Rosie Murray-West
AUTHOR Rosie Murray-West| CREATED 15 Jan 2016
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Risk ratings explained in simple terms

Do you pack an umbrella even on a sunny day? Or do you merrily jump in puddles just to see what happens?

We all have a different appetite for risk in investment just as we do in life. It’s a matter of personality, circumstances and goals. Some of us like to play it safe. Some believe that nothing is gained if nothing is ventured, even on a rainy day.

Getting risk right is one of the most important areas where a financial adviser can help. It needs work to perfect and everyone has a different approach.

Advisers will work with you to identify your risk appetite and then map it against the investments available. It will probably involve some form of risk rating.

Each will have his or her own way of doing this, though some may use software that has been developed by a third party.

How it’s done

Financial planner Ivan Lyons, from sunny Worthing in West Sussex, explains. “Clients complete our Risk Profiling Questionnaire to establish their level of risk and capacity for loss. Essentially, each client is scored between one and 10, with one being the lowest level of risk. This will determine the asset allocation of funds.

“The portfolio is benchmarked against the client’s tolerance to investment risk on an ongoing basis.”

This is the essence of risk rating. While a cautious client will be happy with shares in Very Sensible plc and accept the accompanying low returns, another will want to invest in Billionaire Or Bust Inc (Grand Cayman).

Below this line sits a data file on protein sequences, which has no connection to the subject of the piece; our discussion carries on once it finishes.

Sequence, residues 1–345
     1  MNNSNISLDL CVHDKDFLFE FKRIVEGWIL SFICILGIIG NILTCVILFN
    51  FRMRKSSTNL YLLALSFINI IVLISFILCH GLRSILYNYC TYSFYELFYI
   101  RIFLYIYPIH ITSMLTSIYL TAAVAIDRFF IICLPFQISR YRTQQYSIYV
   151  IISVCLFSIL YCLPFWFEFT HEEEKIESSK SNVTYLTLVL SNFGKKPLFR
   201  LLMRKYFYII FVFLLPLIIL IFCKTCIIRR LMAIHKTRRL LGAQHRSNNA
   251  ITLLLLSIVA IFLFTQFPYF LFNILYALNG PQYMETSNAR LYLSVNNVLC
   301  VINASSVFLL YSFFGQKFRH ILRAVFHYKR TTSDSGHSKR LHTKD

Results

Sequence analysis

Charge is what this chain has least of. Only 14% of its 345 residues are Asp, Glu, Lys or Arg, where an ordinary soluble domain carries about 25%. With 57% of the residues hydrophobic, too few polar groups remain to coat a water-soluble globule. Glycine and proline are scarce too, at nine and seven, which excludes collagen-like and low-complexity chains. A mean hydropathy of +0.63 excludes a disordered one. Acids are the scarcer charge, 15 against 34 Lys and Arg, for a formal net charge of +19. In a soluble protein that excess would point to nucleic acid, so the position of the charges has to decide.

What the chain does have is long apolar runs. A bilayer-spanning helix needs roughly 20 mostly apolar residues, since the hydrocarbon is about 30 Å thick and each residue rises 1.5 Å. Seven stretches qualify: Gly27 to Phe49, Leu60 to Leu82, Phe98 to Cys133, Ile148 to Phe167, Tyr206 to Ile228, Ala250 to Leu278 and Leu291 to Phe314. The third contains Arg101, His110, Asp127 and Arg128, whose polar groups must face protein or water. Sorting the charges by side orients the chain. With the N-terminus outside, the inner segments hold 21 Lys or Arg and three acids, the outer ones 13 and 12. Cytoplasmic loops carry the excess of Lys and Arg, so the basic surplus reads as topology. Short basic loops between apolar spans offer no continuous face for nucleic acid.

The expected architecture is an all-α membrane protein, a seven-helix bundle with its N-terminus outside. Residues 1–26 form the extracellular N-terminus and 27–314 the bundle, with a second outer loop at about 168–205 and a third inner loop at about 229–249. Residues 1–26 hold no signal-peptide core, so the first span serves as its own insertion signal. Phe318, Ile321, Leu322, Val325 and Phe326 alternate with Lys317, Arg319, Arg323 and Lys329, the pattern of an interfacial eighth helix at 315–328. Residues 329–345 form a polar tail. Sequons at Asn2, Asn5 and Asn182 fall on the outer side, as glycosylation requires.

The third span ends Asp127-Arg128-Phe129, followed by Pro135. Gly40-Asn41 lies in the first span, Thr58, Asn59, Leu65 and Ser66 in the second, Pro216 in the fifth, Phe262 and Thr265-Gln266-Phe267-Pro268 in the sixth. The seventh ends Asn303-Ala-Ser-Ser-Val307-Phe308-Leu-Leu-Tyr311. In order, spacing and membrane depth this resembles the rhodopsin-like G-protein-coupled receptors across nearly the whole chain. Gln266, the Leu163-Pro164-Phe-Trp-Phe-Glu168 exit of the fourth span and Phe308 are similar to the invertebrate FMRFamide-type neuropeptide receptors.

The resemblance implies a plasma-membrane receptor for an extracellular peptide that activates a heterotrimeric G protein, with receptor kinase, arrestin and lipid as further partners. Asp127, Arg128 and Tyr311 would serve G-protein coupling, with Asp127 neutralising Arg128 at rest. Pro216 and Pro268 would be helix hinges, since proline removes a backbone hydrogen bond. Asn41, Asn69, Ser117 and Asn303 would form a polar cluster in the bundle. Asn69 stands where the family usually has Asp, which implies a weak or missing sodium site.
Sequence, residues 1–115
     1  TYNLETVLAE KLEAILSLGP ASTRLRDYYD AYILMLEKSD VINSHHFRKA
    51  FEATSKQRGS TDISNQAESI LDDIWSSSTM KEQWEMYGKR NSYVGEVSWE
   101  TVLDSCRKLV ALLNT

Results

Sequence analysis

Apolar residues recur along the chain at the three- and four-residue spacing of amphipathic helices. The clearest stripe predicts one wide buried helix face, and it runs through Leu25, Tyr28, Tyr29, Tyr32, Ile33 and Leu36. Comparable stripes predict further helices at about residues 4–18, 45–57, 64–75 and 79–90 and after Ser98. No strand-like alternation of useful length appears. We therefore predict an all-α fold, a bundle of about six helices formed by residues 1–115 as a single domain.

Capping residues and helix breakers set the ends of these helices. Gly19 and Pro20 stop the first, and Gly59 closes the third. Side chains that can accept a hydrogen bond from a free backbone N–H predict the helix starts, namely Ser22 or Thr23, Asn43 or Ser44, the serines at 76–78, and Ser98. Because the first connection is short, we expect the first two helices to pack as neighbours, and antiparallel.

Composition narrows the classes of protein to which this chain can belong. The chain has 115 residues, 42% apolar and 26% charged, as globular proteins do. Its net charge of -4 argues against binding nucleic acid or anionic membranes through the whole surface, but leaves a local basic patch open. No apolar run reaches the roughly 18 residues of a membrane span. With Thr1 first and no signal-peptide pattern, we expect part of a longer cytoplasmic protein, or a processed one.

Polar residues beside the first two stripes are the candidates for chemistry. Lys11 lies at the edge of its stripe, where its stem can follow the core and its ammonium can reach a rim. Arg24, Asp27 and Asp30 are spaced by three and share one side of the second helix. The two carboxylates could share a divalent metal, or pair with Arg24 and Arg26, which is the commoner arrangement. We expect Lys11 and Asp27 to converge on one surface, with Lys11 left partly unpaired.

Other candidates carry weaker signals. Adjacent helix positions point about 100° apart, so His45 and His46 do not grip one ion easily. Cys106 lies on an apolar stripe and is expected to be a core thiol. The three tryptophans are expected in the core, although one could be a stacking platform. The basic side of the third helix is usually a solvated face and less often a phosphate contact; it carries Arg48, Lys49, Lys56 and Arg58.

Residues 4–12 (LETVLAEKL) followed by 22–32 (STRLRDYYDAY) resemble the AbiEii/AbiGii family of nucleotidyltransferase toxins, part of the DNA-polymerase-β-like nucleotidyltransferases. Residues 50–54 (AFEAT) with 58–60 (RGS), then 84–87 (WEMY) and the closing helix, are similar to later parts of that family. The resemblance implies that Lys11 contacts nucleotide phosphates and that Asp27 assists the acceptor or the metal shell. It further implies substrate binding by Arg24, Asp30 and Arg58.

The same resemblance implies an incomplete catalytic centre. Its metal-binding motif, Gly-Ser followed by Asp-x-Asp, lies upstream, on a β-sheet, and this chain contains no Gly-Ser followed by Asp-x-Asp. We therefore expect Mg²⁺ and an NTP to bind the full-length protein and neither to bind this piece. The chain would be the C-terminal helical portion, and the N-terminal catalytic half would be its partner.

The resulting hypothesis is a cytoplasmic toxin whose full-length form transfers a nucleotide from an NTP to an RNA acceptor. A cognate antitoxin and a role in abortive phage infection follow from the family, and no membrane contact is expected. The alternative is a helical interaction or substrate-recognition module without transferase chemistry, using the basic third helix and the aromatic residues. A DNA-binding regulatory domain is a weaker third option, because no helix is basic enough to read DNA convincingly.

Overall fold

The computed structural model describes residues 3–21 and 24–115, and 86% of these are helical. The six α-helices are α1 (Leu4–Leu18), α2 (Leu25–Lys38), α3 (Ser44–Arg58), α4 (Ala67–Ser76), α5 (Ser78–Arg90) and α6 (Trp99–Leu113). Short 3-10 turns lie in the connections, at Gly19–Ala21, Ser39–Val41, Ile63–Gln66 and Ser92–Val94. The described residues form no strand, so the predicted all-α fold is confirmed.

It’s risky not knowing about risk

Mark Insley, of Ascot Wealth Management, explains risk ratings at the first meeting. “I always think a client should be fully informed of any risk that they take, be it high or low risk investments,” he says. “We wouldn't want a low-risk investor to be invested in a high-risk portfolio as they wouldn't be comfortable with it all.”

Volatility is key

Financial advisers and fund experts use their own systems of ratings to assess a client’s aversion to risk. In the light of their findings, they can build a portfolio to match.

Risk-rating tools differ and tend to be proprietary. But all assess how volatile an investment is likely to be (how much it swings up and down) – and how much it might return for an investor over a given time. Greater volatility could mean big rises, but could also result in big falls.

In general terms, cash is the least volatile, while equities in emerging markets are among the most volatile.

While all risk-rating systems are different, they give a good indication of your attitude to allow your adviser to build the most suitable portfolio for your needs.

So when you speak to an adviser for the first time, be prepared to be quizzed on your rainy day apparel! Find out more about what to expect from your first adviser meeting.

 

Rosie Murray-West

Rosie Murray-West was until recently deputy editor of the Telegraph Money section and before that the newspaper’s Questor Editor. She now writes regularly for a variety of publications including the Telegraph, Times, Sunday Times, Mail on Sunday, Observer and Moneywise magazine, covering all aspects of personal finance, as well as business, property and economics. She was named Financial Freelance Journalist of the Year (runner up) in 2015 by Santander and won the Santander Award for Personal Finance Education in 2011.